The Nenes

A story and a contemplation ~

The Nene* goose lay flat on the asphalt, unmoving.  Her body partially dismantled – just moments before – by the head-on force of a hurtling vehicle.

Her partner, or maybe gosling, stood tall.  Flapping madly, trying to reach her.

A caring man stood between them, hovering above the frantic goose.  His own arms spread wide open as he gently attempted to encircle and steer the bird off the road to safety.

But away from his departed love.

My friend observed, “He’s upset.  His partner’s been hurt.”   I said a prayer.  We skirted around the scene and drove on.

It all happened so fast.  It was like a dream.  I thought she was white.  Was it really a Nene?  He was so big, so insistent, making a strong match for the man trying to assist him.

“This existence of ours is as transient as autumn clouds.
To watch the birth and death of beings is like looking at the movements of a dance.
A lifetime is like a flash of lightening n the sky.
Rushing by, like a torrent down a steep mountain.”
-The Buddha

This life is precious!  But only if we use it well.  How will I spend my time today?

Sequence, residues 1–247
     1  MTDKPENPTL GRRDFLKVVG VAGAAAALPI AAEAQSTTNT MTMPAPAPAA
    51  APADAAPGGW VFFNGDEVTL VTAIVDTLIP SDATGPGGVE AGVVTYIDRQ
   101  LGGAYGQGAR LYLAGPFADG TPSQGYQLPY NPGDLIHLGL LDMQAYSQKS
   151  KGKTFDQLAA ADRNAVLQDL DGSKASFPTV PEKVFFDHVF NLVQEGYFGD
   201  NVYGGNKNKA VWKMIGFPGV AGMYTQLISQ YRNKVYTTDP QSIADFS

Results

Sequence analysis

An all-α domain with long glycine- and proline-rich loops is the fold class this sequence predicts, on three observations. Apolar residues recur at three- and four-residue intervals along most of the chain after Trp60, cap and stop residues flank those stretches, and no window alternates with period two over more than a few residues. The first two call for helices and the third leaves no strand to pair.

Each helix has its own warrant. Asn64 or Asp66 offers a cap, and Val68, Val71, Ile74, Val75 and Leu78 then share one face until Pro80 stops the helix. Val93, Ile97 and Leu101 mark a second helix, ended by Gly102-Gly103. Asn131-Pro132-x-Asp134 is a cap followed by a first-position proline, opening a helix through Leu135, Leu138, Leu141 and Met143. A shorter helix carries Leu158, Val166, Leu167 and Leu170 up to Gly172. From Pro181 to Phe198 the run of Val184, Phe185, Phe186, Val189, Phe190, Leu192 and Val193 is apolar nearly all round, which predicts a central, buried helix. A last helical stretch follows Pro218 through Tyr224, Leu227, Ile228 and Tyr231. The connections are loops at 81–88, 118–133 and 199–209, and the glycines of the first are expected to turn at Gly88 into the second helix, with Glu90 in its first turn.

Image:  Snowmanradio / *The Nene or Hawaiian goose is the rarest goose in the world.

18 thoughts on “The Nenes

  1. Sandra — a fitting contemplation and meditation for today (my birthday). Thanks for helping me continue to practice perspective and gratitude. Hope all is well!

    • Bill ~ I agree, this is the perfect contemplation for a birthday! Happy birthday. I hope you have a special, meaningful, and rewarding year. It’s lovely to “see” you!

  2. Reminders to be in the moment and to be appreciative because life is short are all around us every day. I feel this every time I see a dead animal on the side of the road. I say an energetic wish for the spirit of the animal each time and am reassured that it is the cycle of nature.